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Airing Dirty Security Laundry

We all need to be smart, stay informed, and understand our systems well enough to figure out what needs fixing first, or risk being out of business. No vendor, well-intentioned or not, can make these decisions for us; we need to take this responsibility for ourselves.
Everyone in IT needs to read this article about security alerts and how they're sometimes created in the self-serving interests of the vendors involved.

It's not a new problem, of course, but I'm glad to see this issue being held up to the light. Kudos to reporter Kevin McLaughlin and our sister publication CRN for doing so.

Given how much we've all come to rely on security alerts, and how often IT organizations prioritize their daily workloads around them, it's a problem that's both broad and deep. And it's about time the industry as a whole started talking about this particular elephant in the living room.The essence of the problem, as I see it: Some suggest that vendors that make their living by selling security software or hardware should not also be in the business of telling customers how serious a particular issue is. After all, the thinking goes, it's only natural that these vendors stand to make money out of scaring the tar out of customers, so they're apt to make everything into a huge issue, even if the problem doesn't deserve to be.

The security vendors, in turn--okay, let's name names: primarily McAfee and Symantec--respond that since they're in the business of fixing software that "breaks" due to bugs and viruses, they're in a particularly good place to know how critical an issue is, especially when compared to other issues of a similar ilk. They both also employ analysts whose job it is to be unbiased researchers, answering questions including whether MS Blast is worse than Sober.k, Love Bug, or Sasser, and if dealing with the Microsoft MS06-040 vulnerability should take precedence.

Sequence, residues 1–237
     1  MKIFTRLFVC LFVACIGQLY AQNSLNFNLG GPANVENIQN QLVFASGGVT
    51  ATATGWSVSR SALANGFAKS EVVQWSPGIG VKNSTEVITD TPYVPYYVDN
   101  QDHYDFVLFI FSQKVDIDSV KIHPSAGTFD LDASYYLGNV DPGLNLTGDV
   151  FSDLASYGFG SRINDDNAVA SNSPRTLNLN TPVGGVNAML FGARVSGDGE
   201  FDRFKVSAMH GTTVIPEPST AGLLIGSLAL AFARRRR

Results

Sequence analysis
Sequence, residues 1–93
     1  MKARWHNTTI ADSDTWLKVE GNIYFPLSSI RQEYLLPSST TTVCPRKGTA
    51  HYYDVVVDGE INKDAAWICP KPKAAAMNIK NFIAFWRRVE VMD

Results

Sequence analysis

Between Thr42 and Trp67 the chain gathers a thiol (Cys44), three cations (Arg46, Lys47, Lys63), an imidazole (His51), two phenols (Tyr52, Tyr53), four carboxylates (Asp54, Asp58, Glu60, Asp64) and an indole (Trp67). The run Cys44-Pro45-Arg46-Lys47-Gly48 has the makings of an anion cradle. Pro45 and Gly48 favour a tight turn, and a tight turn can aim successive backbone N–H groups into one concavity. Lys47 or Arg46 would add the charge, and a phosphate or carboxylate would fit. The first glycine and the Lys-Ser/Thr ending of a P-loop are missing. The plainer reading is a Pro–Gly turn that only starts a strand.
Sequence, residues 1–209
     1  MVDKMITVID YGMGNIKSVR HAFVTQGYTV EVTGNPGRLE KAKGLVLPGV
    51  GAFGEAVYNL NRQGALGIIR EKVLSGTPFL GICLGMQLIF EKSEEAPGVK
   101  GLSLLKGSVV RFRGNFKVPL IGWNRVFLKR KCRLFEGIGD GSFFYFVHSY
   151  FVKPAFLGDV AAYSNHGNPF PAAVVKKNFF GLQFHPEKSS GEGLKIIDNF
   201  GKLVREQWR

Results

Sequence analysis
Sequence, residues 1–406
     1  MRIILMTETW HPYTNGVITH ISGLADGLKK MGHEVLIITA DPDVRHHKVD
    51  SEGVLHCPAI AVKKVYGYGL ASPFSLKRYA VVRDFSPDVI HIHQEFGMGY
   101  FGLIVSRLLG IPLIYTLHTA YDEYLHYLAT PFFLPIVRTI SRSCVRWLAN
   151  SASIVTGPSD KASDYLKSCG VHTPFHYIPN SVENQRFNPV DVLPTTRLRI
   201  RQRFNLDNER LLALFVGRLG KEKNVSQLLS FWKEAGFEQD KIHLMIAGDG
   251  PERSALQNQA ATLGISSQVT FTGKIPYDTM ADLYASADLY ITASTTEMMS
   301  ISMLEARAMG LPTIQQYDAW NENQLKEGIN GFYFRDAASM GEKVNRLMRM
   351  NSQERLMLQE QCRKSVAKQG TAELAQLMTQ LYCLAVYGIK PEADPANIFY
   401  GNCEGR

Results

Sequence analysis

I can see this point, but I believe it essentially boils down to an old IT issue. Companies that consult shouldn't also be in the business of selling hardware and software. This is the primary reason why Gartner, Forrester, IDC, and other research and consulting firms have been successful for a long time. Their business models are all about having no ostensible stake in the outcome--in other words, it shouldn't matter to the consultant if a customer winds up adopting X software or Y hardware to solve any given problem.

Now most of us old warhorses know this isn't necessarily always the case and that even supposedly unbiased advisers can have an agenda, whether it's to keep selling more services or just to have fun watching the sparks fly. It also doesn't help when those of us in the media jump all over every security warning, bulletin, and "survey." (News bulletin: "Security vendor says security problems are getting worse." Um, hello? What else would we expect them to say? Even if it's true, there's an appearance of a conflict of interest here, and all of us would be much better off by foreswearing 95% of these types of stories.)